I don't think it would be wrong; personally when speaking to others I would limit my use of the logic to refer to a common logic, leaving my use of the word reasonable to refer to a more general or personal logic. If A=1+C, then logically A is always bigger than C; if a burglar attacks you, it is reasonable to defend yourself.

I can't imagine berating someone for using logical instead of reasonable.

forrestcupp
May 24th, 2011, 02:54 PM
I can't imagine berating someone for using logical instead of reasonable.

Well, I linked to an example in post #20, and that is definitely not the only time it's happened in these forums. That's why I started this thread. Honestly, I don't care if people don't like how I use the word "logical". But I am kind of interested in why.

You gave some good examples of a good rule to follow. I appreciate everyone's input. Please continue to add your thoughts so I can continue to get this sorted out.

And just for the record, I don't remember anyone actually berating me for the improper use of the word "logical". I've just seen it, and when I see people correcting others for something that happens frequently, I like to understand why.

Grenage
May 24th, 2011, 03:06 PM
Well, I linked to an example in post #20, and that is definitely not the only time it's happened in these forums. That's why I started this thread. Honestly, I don't care if people don't like how I use the word "logical". But I am kind of interested in why.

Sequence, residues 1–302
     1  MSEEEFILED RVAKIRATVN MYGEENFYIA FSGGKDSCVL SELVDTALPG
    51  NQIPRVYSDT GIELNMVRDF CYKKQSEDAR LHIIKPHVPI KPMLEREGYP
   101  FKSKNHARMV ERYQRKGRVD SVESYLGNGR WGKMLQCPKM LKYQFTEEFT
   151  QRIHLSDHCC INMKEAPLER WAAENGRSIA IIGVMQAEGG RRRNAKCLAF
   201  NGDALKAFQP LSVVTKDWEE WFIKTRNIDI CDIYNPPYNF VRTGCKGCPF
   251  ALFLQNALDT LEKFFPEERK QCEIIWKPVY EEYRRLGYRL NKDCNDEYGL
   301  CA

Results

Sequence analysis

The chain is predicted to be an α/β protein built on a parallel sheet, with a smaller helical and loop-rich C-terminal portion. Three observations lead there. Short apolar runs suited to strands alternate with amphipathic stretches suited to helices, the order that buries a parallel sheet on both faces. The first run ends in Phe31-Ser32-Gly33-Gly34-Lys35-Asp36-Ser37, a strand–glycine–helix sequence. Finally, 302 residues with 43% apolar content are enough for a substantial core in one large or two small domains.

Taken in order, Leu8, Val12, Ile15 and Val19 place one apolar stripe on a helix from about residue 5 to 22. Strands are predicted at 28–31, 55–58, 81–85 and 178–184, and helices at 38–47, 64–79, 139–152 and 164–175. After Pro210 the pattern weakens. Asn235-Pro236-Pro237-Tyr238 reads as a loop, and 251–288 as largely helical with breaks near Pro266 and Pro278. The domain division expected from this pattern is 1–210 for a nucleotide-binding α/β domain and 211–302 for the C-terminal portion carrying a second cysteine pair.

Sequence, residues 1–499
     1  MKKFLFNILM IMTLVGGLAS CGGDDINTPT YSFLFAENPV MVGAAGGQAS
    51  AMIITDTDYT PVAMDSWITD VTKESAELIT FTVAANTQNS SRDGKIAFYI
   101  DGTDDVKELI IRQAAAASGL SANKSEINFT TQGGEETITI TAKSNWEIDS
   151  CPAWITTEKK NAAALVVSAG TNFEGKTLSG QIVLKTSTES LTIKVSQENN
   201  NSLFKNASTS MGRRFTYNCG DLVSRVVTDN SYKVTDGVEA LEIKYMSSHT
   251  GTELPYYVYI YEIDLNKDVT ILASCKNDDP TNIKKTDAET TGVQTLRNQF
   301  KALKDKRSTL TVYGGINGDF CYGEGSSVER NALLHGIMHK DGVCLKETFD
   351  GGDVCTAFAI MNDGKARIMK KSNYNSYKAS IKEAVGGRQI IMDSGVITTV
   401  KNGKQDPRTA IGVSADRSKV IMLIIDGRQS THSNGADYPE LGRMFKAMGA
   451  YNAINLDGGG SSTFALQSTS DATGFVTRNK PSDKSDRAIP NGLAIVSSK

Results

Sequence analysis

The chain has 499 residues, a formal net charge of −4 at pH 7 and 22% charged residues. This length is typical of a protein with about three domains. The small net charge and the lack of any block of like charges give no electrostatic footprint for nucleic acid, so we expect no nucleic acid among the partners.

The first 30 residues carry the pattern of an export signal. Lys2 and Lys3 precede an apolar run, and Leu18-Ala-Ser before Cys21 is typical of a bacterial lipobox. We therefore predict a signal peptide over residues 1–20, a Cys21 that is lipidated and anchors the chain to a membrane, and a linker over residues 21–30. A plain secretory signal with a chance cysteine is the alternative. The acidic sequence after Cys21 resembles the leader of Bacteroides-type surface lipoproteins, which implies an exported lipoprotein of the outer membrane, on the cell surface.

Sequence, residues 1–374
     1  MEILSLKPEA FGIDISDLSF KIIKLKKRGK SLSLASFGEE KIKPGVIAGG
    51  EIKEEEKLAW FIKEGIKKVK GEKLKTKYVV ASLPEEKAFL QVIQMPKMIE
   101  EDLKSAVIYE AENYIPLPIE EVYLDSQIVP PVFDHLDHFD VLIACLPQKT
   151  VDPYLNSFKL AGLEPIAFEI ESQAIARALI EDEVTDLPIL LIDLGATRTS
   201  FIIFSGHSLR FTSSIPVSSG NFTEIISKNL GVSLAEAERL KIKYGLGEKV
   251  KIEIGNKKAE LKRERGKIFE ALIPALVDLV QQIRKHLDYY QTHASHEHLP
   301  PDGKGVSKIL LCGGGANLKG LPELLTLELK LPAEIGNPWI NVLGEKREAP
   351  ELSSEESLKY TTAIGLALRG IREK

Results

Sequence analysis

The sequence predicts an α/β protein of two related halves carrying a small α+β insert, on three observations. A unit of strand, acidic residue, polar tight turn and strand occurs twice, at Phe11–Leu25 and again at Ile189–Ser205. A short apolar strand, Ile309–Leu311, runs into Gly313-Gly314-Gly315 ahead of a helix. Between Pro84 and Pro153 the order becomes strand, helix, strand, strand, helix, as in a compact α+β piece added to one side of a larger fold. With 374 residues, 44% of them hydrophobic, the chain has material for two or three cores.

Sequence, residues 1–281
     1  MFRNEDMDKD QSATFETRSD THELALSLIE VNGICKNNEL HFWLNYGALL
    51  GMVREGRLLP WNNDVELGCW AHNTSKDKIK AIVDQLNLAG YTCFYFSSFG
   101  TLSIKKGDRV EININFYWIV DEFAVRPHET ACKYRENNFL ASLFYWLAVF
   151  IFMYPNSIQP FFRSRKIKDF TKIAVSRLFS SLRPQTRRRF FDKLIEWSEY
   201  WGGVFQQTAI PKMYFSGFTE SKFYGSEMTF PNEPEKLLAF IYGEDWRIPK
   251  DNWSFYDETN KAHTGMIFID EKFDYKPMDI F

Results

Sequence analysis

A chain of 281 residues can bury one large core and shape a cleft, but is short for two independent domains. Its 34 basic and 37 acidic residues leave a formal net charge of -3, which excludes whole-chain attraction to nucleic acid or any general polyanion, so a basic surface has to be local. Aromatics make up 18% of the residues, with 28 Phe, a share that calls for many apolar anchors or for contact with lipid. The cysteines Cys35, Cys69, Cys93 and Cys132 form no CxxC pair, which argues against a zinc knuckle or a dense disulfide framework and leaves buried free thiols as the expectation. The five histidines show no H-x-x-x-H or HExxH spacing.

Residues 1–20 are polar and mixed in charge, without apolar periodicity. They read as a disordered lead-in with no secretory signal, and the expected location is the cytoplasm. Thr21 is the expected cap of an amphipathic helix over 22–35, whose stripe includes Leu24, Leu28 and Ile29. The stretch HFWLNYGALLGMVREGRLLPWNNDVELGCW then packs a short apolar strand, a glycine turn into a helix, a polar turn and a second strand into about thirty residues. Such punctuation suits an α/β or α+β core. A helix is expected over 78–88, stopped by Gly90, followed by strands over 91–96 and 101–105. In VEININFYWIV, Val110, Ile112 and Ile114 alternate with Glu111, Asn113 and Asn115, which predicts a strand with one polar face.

From the post you linked:

Refute'. 99% of the time people mean 'retort'.

I've got to be honest, I've never once heard someone say refute, when they actually meant retort. I have however heard a thousand people say i could care less when they meant I couldn't care less, or that someone was literally mental, when they clearly were not.

Considering that one of the dictionary definitions for logic is now "capable of or characterized by clear or valid reasoning", it is not not incorrect; perhaps not to one's tastes, but not simply wrong.

Throne777
May 24th, 2011, 04:34 PM
Since people here are quick to correct others who incorrectly use the term "logic", let's have a thread to talk about it.

What is the difference between reason and logic? Now is your chance to not just correct everyone, but to teach us why you're correcting them.

Logic is systematized reasoning. Classical logic, for instance, is an axiomatic system that guarantees truth preservation (it's unclear whether induction has a logic -classically, induction is just a non sequitur).

So, you might think that if you do 1,000 experiments on the boiling point of water, and every single time you get the result 100 degrees, then you've proven that the boiling point of water is 100 degrees. Logically, this doesn't follow at all. There is nothing, logically, to stop the 1,001th (and every subsequent) experiment having water come out as boiling at 1,000,000 degrees. So yes, scientific reasoning is largely illogical.